Member
Posts: 23
Joined: September 29th, 2020, 12:25 pm
Division: C
State: ID
Pronouns: She/Her/Hers
Location: In Base-4
Has thanked: 8 times
Been thanked: 10 times

Re: Heredity B/Designer Genes C

Post by twoplustwoisten » October 23rd, 2020, 11:08 am

AstroClarinet wrote:
October 23rd, 2020, 6:05 am
twoplustwoisten wrote:
October 22nd, 2020, 8:49 pm
AstroClarinet wrote:
October 16th, 2020, 6:46 pm
1. How does the Law of Independent Assortment affect dihybrid and trihybrid crosses?
2. A person with variable number tandem repeats that repeat more times will have bands where on a Southern blot? (relative to others who have shorter VNTRs)
3. Explain the role of the maturation-promoting factor (MPF) in cell division.
1. Uhh. . . it affects them by not affecting them. The Law of Independent Assortment states that the genes do not influence sorting of alleles, therefore making each little square of the (rather massive, in these cases) Punnett Square an equally likely outcome.
2. Farther apart? Maybe something to do with loci? This seems really vague, but that might just be me : /
3. It triggers the mitotic spindle to form and starts mitosis.
1. The Law of Independent Assortment says that the alleles of the different traits in a dihybrid/trihybrid cross are inherited separately (in other words, the genes are unlinked). If the genes were linked, then not all the combinations of alleles would be possible, and the crosses would just have the same ratios as those of a monohybrid cross. 
2. This is really a complicated way of asking, "do longer fragments of DNA travel further or less far than shorter fragments of DNA in gel electrophoresis?" RFLP often uses VNTRs, which are sections of DNA which repeat a variable number of times. When these VNTRs are restricted into fragments and run through gel electrophoresis, the longer fragments (the ones with more repeats) won't travel as far from the wells at the top of the gel. A Southern blot is performed to record the results of the gel (basically, when they show you a picture of a Southern blot, it'll look the same as if you were looking at the gel). Therefore, if someone has a VNTR with more repeats, they will have a band higher up on the Southern blot.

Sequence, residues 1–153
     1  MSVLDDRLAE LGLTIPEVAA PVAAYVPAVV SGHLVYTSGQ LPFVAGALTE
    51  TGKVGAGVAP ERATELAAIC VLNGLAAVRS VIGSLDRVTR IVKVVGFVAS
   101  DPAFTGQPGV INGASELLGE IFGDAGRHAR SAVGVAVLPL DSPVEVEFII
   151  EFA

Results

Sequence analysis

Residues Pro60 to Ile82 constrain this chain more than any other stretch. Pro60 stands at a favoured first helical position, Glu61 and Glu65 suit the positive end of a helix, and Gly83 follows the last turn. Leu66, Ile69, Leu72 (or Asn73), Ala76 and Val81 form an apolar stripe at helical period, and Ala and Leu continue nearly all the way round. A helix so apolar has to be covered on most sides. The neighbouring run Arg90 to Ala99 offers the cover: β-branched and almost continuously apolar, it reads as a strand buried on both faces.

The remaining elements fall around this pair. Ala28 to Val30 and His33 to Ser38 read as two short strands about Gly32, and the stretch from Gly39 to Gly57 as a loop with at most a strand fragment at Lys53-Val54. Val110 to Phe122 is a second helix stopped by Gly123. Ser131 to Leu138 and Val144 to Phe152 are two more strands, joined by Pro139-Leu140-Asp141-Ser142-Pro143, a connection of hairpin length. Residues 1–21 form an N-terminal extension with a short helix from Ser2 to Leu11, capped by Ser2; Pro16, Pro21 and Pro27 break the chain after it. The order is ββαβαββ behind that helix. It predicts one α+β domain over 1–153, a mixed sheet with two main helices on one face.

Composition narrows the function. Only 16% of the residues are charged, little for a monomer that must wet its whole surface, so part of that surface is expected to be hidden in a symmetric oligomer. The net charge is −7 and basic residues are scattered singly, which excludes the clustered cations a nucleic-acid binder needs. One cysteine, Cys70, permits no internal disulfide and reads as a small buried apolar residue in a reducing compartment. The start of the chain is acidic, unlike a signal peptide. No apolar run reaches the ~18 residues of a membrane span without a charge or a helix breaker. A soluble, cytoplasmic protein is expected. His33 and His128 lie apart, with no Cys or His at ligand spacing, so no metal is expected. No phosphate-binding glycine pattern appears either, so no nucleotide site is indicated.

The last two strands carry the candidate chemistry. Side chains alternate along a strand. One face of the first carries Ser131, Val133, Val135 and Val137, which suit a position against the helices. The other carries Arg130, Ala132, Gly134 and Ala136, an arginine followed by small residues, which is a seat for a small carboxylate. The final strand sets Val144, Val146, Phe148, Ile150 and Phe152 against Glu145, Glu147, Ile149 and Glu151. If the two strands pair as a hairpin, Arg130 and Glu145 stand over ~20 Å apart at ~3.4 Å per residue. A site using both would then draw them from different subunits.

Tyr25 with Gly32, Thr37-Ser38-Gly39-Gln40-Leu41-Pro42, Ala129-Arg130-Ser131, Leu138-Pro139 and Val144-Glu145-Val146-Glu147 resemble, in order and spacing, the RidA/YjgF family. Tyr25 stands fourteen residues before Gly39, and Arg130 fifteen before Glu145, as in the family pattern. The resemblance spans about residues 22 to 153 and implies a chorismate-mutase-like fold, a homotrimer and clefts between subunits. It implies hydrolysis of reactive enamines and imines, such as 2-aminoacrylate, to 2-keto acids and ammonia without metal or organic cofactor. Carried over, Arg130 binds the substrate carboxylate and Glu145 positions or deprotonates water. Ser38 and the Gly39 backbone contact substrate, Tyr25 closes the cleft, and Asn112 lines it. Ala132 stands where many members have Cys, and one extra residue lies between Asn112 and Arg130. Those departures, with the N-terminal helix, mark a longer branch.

3. Yep
Um. . .do I put questions next even though I got most of these wrong?
"Don't eat stem, do STEM" -Me

User avatar
AstroClarinet
Member
Member
Posts: 25
Joined: August 6th, 2020, 9:56 am
Division: C
Location: Virtual and in-person school
Has thanked: 21 times
Been thanked: 13 times

Re: Heredity B/Designer Genes C

Post by AstroClarinet » October 23rd, 2020, 12:55 pm

twoplustwoisten wrote:
October 23rd, 2020, 11:08 am
Um. . .do I put questions next even though I got most of these wrong?
Yeah, go ahead!
It's perfectly okay to get questions wrong, as long as you learn something from them :D
2019-2021 events: Astronomy, Designer Genes, Water Quality
1st place at state in Solar System B (2018) and Ecology B (2017)
 Solar System, Boomilever, Density Lab, Ecology, Optics, Towers, Microbe Mission, Mission Possible
AstroClarinet's Userpage

User avatar
twoplustwoisten
Member
Member
Posts: 23
Joined: September 29th, 2020, 12:25 pm
Division: C
State: ID
Pronouns: She/Her/Hers
Location: In Base-4
Has thanked: 8 times
Been thanked: 10 times

Re: Heredity B/Designer Genes C

Post by twoplustwoisten » October 27th, 2020, 11:14 am

Please explain the process of gel electrophoresis.
Please state the basic types of mutation, and a short (1 sentence) definiton of each.
What does a codon specify?
"Don't eat stem, do STEM" -Me

Post Reply

Return to “Question Marathons”

Who is online

Users browsing this forum: No registered users and 2 guests